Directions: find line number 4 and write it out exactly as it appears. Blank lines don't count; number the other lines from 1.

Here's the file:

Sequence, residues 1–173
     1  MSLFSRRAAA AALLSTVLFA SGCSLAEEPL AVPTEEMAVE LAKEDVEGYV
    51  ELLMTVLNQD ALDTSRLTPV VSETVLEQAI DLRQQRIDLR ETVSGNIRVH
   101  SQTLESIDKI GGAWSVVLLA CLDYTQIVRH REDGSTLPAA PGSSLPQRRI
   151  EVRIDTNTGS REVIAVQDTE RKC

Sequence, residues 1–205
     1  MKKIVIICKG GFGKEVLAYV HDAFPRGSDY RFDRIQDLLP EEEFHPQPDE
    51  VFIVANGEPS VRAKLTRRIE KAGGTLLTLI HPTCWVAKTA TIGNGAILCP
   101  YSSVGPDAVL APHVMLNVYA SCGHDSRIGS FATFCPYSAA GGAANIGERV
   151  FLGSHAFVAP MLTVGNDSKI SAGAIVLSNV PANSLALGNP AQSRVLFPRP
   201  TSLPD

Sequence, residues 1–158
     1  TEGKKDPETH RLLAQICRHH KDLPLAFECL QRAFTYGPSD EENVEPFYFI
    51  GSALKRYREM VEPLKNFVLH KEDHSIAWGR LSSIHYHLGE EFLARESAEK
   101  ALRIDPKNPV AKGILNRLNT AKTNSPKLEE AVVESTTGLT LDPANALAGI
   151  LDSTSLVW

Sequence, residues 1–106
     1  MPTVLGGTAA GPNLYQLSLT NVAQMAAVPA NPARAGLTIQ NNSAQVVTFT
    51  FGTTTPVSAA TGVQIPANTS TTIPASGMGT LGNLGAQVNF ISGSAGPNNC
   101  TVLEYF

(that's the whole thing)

   101  SQTLESIDKI GGAWSVVLLA CLDYTQIVRH REDGSTLPAA PGSSLPQRRI